Squash Enchiladas
By Becca Swan
Makes 6 enchiladas

1/2 onion, diced
1 clove garlic, diced
1 cup cooked rice
1 cup corn kernels (I cut mine off the cob but feel free to use fresh, canned or frozen- whatever you have)
2 cups winter squash, cut into 1 inch cubes
shredded cheese for sprinkling (cheddar, monterey jack are especially good)
6 flour tortillas
2 tbsp taco or enchilada seasoning (or your own favorite blend of spices that include cumin, paprika, chili powder, etc.)
sour cream (optional)
Enchilada sauce or salsa (enough to pour over the top of enchiladas)

Heat a pan on med-high, put cooking spray in it or use around 2 tbsp olive oil to grease it.
Add onions and garlic, stir and cook til onions are translucent.
Pour in squash cubes, add salt and pepper, cook for around 5-10 minutes, til the squash starts to soften. Reduce the heat to medium if need be, to keep the squash from burning.
Add rice and corn and seasoning, stir and cook til warmed through.
Remove from heat.

Assemble your enchiladas.
In a 9x13" baking dish, place tortilla, layer squash mixture, cheese and sour cream (if desired) down the middle of the tortilla. Roll tortilla up and place so the loose ends are under the enchilada. Repeat until your pan is full.
Drizzle salsa or enchilada sauce over the top of your enchiladas, then sprinkle some more cheese over them for good measure. :)

I used tomatillo salsa this time and MAN was it good! It added a really nice tang to the dish and I highly recommend it if you like tomatillos. If not, stick with regular enchilada sauce or salsa.
Bake in a 375 degree oven for 20-25 minutes, til cheese on top is melted and slightly browned.
Enjoy with a nice salad or chips and salsa.

If you have people in your family who are skeptical about the squash enchiladas, you can always make a pan of chicken or beef enchiladas as well; that's what we do since my kids and my brothers are not fond of squash at all. :)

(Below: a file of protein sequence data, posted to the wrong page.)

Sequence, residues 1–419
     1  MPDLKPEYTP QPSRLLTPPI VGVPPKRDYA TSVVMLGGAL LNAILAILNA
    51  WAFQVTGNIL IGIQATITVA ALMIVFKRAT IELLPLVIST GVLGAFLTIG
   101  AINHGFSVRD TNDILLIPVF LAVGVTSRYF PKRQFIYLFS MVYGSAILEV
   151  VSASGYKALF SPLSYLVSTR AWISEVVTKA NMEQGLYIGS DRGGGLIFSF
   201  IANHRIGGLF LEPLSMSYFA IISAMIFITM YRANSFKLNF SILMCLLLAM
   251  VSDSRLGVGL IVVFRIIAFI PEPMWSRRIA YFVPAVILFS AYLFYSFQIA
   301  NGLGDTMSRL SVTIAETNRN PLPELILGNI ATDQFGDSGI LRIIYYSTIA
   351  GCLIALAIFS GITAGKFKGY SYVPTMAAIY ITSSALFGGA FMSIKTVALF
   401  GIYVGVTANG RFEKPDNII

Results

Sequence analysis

Thursday, November 15, 2012

Pressing Cider

It's halfway through November already, and getting cold and dreary and decidedly fall/winterish around here.

We had a few hard frosts and it even hailed one day. No snow yet, but it sure is getting cold!

On Saturday, my Great Uncle Gaylord invited us up (he lives next door) to have a cider pressing party and boy was it fun! And COLD! I never knew apple cider could be so cold and delicious!
None of us had really pressed cider before (besides Uncle Gaylord and my Dad) so we all got to learn how.

First, you get some apples.
These are from Gaylord's apple trees. They're "organic" in that they don't have pesticides used on them. :)

From left to right: Ellie, Dad, Ethan, Uncle Gaylord and my youngest brother Scotty

Dad helping Ethan turn the crank on the press

Uncle Gaylord cracking jokes. :)

You put apples into the hopper of the cider press and turn the wheel and it shreds up the apples into a kind of pulpy mess. That falls down into a pressing crate thingy (see how much I know about cider pressing?) and when it's full you slide it over to the press. You put a lid on the pressing crate and then turn the crank to exert pressure onto the crate, which squeezes the cider out into a canning pot.

Tim taking a turn at pressing the cider

Scotty bein' himself. ;)

Then, when the pot is full, you move it over to the straining table and pour it through a strainer. (Or a clean pillowcase, which is what we used.) Squeeze the juice out of the pillowcase and then ladle it into jugs ( a funnel is very helpful at this point!) and Bam! you have apple cider.